Percheron chick Crowing

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    In my limited experience with keets and hens, the keets are going to think of themselves more as chickens at the beginning. Mine hung close to the hens (were not brooded by them just in a separated area of the coop before integrating them in with the rest) for the first month and always followed them back to the coop at night. They roost right along side the hens, eat with them, sunbathe with them... At about 6 weeks they could fly very well. Too well actually. They like to get up in the rafters or the roof of the barn and make as much noise as possible. They are now 6 months old and operate as their own little group. All 9 go in one big clump. They are wilder than the hens but I think tamer than they would be without being raised with hens.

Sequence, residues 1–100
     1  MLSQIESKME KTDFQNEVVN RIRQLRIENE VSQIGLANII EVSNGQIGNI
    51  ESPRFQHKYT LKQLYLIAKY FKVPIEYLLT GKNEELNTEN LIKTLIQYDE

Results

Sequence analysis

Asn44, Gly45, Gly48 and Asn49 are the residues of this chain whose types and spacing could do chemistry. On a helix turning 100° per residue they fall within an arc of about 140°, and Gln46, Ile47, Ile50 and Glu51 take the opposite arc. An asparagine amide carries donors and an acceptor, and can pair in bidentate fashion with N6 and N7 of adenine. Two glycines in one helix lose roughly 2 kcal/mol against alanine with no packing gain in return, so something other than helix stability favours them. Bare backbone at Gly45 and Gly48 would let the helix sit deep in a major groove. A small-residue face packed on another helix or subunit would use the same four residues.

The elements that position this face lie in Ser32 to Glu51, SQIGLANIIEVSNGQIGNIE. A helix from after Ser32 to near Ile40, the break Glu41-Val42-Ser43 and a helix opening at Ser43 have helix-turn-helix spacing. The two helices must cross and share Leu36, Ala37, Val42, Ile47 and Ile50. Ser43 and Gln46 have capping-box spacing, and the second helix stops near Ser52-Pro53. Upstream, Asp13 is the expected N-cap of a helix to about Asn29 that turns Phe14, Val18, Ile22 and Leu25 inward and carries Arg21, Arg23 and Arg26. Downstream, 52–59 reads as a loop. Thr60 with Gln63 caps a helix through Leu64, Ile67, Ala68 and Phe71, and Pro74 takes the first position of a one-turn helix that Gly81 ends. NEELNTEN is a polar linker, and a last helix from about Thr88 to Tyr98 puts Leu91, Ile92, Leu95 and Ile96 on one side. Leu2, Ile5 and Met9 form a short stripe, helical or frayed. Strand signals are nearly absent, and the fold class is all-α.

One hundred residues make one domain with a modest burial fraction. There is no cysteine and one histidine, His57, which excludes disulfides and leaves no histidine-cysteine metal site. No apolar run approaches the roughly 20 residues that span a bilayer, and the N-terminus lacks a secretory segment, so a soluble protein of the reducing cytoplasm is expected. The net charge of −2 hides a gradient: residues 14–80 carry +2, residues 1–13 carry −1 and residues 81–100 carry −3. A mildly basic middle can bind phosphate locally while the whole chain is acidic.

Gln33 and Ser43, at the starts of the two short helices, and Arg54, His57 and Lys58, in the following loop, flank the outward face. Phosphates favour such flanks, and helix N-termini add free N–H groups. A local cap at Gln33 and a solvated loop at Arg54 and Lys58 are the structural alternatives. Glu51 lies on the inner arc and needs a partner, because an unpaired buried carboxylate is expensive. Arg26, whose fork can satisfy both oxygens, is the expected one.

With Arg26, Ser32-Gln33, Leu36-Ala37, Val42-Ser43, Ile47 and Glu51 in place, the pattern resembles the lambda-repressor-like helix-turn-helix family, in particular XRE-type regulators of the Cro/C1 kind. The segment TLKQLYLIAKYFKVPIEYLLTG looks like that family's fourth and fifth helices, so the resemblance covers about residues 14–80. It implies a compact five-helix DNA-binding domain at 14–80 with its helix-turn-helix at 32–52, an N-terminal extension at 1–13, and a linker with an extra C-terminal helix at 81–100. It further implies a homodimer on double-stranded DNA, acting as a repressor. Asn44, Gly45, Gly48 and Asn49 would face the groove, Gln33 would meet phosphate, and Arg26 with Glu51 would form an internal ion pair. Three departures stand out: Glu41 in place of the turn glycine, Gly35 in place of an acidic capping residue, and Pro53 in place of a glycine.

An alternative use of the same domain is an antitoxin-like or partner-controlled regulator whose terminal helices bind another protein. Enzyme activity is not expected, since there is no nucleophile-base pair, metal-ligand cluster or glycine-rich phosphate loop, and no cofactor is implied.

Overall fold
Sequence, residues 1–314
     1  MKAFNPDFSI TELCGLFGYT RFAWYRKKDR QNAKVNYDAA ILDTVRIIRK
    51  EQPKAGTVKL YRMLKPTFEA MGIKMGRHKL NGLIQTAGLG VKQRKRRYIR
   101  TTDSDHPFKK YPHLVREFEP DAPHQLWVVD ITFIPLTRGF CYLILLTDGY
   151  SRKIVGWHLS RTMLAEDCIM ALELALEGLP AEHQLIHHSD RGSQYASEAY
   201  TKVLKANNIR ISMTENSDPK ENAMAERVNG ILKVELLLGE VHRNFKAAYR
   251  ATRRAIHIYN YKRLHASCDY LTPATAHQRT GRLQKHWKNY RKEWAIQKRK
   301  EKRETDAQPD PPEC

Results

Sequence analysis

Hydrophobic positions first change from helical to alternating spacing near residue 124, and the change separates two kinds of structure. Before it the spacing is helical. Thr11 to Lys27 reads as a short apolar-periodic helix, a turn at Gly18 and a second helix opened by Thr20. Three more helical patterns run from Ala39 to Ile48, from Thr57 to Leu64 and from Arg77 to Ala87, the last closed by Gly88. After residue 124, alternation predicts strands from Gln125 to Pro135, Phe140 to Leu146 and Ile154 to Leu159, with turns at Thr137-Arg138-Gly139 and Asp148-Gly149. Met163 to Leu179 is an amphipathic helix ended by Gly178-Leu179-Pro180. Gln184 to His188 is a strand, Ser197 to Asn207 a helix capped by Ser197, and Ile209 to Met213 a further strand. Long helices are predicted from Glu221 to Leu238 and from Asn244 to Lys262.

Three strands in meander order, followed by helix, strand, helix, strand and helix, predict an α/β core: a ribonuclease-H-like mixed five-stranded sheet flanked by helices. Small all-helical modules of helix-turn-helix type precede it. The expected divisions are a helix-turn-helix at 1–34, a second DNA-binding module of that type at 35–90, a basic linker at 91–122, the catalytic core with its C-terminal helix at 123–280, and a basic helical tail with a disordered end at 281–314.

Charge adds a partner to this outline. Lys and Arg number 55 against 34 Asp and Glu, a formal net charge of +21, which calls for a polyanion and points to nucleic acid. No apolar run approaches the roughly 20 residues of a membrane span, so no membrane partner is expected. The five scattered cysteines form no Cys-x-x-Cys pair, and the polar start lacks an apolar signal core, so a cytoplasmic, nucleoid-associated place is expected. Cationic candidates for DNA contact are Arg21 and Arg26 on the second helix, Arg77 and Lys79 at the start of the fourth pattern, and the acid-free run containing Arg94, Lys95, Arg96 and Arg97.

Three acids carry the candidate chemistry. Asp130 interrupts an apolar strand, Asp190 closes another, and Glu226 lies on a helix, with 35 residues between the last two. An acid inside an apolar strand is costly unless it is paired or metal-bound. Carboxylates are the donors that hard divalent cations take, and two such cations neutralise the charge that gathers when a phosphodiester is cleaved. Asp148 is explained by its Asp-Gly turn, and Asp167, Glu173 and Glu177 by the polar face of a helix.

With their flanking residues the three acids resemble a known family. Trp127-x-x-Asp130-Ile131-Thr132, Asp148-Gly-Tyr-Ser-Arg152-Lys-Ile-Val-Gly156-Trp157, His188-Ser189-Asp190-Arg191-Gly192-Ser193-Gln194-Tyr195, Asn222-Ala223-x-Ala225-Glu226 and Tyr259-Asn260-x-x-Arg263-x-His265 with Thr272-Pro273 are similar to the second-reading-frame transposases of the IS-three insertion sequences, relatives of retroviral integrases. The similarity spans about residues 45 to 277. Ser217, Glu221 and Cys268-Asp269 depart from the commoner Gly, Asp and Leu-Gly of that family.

I worked the keets into the hen group at about 6 weeks, it took them about another 2 weeks to muster up the courage to go outside. Only twice in that time have they not returned to the coop at night (they got stuck in the rafter right above the coop as it got dark so they just stayed there). They return multiple time during the day to the coop just like the hens. I guess what I'm saying is they should be fine if you treat them just like chicks. The hens are the ones they are modeling themselves after. Different age groups of keets is going to be trial and error. I would be more concerned with a non broody hen or rooster than adolescent keets harming newly hatched ones.
     
  9. westmittengirl

    westmittengirl In the Brooder